Sorry am I, that my kind readers have now to be in the company of this excellent servant of God for the last time. That the lovely peasant, Thomas Newman, that the simple-hearted Farmer Littleworth, his truly converted son Henry, his worthy sister Nancy, Mrs. Traffic, and their family, the judicious Mr. Considerate, and his family, the plain and honest Mr. Steadyman, the truly catholic and mild-spirited dissenting minister, Mr. Peaceful, the deeply wounded, and contrite Mrs. Chipman, the serious and reflecting Mr. Reader, the most amiable and delightful Mr. and Mrs. Lovely, the pleasant and lively Mr. Merryman, and the very admirable and respectable family of the Worthys :-sorry I am to say, that after this last Dialogue they are to appear no more. And let such characters, held forth as a warning, which have been brought forward as a contrast to their excellent qualifications, vanish from our imaginations without regret.

And should the writer of these Dialogues have so conducted himself, that he can be followed by his readers, even to the last page of the publication, without a nod; while they are read as an evening's entertainment, even to a late hour, he shall not regret the many late hours he also has spent, in prosecuting the work ; and especially if any of his dear readers should be brought near to God thereby.

The general invitation given at the conclusion of the last Dialogue, brought on the Monday, to the family repast of the hospitable Mr. Worthy, the following guests : Mr. Lovegood, Mr. and Mrs. Considerate, and Farmer Littleworth. After the accustomed how do you do salutations, the good old farmer thus began.

Far. An't please your honour, my dear child Harry, did insist upon it that I should come to-day agreeably to your honour's invitation, and that he would stay at home at this busy time, to mind the farm, especially as my poor daughter has got a letter from her husband, which old Nelly Trot brought from the post-office to our house yesterday, after we returned from Brookfield Church ;-and I should be very glad of a little of your honour's good advice upon the subject. Poor fellow! he writes in a very humble style. What a mercy it will be, if the Lord brings about the salvation of his soul by these sore afflictions !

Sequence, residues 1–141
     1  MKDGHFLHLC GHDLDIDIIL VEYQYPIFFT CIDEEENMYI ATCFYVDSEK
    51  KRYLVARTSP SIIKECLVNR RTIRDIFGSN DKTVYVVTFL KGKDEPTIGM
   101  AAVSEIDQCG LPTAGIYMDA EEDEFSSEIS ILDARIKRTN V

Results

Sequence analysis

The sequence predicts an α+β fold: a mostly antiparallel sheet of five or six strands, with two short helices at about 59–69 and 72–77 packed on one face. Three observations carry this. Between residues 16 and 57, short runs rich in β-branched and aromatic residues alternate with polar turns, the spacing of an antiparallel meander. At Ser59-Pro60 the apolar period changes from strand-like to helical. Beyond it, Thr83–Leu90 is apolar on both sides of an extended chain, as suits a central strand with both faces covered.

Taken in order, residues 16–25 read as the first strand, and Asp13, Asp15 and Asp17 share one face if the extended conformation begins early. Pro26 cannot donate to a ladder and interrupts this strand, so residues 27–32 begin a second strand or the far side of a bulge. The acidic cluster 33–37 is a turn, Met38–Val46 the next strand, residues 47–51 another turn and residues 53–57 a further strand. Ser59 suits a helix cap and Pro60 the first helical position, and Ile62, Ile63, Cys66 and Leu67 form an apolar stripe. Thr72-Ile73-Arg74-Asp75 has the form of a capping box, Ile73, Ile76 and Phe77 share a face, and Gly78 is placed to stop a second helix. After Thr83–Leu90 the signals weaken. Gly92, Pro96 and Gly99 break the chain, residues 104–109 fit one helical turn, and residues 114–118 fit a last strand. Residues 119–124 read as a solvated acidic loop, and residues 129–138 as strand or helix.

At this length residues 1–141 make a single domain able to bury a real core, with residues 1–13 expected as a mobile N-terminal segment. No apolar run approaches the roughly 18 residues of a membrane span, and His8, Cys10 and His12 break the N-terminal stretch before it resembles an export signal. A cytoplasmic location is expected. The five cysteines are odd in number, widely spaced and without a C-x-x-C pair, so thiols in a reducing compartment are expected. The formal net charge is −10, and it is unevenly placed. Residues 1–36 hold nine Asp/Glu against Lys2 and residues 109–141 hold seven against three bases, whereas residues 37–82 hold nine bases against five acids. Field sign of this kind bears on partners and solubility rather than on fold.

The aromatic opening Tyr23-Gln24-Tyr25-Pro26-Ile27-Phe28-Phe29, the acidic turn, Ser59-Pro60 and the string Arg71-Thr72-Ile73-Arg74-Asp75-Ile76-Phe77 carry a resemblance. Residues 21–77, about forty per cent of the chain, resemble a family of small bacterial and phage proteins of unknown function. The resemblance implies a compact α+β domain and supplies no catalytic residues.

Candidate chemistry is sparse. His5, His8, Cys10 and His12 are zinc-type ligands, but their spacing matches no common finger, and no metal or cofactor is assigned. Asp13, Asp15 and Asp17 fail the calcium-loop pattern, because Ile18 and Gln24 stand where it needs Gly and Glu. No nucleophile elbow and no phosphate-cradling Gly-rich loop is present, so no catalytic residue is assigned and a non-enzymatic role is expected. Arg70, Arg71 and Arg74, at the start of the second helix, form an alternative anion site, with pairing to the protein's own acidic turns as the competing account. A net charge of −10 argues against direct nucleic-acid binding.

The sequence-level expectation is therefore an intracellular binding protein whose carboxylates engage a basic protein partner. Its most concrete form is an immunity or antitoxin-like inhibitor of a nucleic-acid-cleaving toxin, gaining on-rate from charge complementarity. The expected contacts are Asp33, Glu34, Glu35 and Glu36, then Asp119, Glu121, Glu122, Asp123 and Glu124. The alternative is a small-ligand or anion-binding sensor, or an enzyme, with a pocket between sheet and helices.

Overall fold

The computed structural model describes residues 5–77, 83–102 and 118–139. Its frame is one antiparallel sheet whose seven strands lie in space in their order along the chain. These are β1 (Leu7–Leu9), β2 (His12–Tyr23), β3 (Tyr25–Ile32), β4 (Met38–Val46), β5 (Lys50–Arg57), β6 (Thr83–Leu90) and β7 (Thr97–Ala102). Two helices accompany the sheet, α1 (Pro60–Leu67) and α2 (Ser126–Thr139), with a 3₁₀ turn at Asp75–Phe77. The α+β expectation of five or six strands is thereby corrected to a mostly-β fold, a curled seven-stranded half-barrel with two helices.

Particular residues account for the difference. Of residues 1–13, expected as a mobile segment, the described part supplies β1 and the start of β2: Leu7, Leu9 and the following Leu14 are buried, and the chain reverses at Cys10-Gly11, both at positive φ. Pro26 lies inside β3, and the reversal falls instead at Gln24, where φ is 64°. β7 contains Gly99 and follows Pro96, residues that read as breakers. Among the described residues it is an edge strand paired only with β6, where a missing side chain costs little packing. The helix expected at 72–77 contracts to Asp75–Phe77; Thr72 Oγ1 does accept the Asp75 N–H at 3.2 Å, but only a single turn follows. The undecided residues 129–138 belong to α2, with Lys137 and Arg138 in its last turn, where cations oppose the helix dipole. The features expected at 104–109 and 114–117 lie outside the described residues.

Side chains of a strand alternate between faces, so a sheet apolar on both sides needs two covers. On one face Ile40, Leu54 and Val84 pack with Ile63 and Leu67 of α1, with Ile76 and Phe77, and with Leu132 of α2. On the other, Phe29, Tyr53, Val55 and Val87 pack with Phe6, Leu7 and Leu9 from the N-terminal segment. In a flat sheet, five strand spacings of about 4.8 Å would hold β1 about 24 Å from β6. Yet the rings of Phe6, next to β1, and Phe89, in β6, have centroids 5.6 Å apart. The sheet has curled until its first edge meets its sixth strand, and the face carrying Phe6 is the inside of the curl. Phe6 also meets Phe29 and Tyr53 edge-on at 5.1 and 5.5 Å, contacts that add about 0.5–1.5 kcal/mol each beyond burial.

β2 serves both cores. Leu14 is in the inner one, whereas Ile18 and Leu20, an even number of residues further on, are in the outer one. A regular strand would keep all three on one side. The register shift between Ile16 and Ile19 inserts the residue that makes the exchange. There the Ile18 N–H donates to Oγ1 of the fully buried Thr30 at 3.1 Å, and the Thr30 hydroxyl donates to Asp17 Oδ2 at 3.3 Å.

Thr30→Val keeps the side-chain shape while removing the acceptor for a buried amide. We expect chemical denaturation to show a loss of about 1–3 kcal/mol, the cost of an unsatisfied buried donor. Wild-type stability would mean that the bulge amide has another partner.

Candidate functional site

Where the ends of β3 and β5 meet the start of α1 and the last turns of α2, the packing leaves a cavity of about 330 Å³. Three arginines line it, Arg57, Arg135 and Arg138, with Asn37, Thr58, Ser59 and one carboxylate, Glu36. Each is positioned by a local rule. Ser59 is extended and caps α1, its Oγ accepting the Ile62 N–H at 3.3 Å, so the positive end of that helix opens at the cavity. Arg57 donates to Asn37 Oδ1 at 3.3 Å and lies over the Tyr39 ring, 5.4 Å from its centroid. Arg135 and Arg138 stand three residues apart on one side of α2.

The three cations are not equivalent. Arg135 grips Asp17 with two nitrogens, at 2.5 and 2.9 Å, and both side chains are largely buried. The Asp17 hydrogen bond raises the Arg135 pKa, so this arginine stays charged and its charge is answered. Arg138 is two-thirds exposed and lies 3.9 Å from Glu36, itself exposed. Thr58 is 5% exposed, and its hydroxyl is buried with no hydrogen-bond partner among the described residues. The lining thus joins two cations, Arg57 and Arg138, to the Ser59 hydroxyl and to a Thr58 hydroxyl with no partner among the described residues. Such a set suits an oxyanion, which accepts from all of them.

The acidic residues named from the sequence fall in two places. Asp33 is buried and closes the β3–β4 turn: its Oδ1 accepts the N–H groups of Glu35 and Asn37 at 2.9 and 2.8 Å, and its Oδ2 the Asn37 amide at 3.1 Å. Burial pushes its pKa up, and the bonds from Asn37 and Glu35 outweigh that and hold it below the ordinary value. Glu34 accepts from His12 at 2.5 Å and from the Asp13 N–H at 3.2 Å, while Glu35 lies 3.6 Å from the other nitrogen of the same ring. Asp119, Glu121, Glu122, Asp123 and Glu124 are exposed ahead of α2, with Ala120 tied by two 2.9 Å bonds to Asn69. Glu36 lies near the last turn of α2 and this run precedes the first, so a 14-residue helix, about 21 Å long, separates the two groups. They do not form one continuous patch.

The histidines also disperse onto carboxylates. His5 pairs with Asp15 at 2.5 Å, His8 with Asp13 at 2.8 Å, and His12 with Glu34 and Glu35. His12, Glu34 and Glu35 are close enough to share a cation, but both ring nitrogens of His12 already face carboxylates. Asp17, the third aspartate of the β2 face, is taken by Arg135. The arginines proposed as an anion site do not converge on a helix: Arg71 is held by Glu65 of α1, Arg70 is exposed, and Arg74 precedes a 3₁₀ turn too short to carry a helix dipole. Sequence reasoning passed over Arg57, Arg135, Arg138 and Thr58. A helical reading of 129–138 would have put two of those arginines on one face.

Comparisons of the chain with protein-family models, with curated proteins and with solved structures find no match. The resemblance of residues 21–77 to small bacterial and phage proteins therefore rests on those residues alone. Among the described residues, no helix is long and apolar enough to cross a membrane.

[The farmer gives Mr. Worthy the letter.]

Wor. Mr. Littleworth, would you wish me to read it out ?

Far. O) yes, Sir, I should like that Mr. Considerate and our mipister may hear it, that we may all consult together. [The letter is read to the company.]

“ MY DEAR WIFE;

“ You must have heard from your brother Henry, how my wicked and unworthy life has been preserved, by that worthy gentleman, Mr. Lovely, the high-sheriff, who brought us a pardon from the Judge, just when we were all ordered to prepare for death. What a merciful man Mr. Lovely has proved himself to be! And as to Mr. Lovegood, oh ! that I had not despiscd him as I have done! for I am sure in despising such men, I have been setting at nought my own good, all my days. I now see and feel it was through the most vilc wickedness of my heart, that the whole of my life has been so abominably profane. What Mr. Lovegood preaches from the pulpit, I now know must be true, and the fruit of his preaching has been so set before us in the wonderful change that has appeared on your Father, your Brother, and your Sister Nancy, as should shame us, while we cannot but admire what the grace of God has wrought on them. O

my dear Patty! let me entreat you no longer to be regardless of what your good old Father has to say. Do not grieve his heart; do not send him any more, as we have often done, with tears of sorrow to his bed, by neglecting family prayer, and by despising his good advice. I know he was right, and that we were wrong; tell him I beg his pardon in the most humble manner, for all that I have done to grieve him ; beg your aged Mother also to forgive me and your Brother to pray for me. Oh! what a happy life he bas led, since God has changed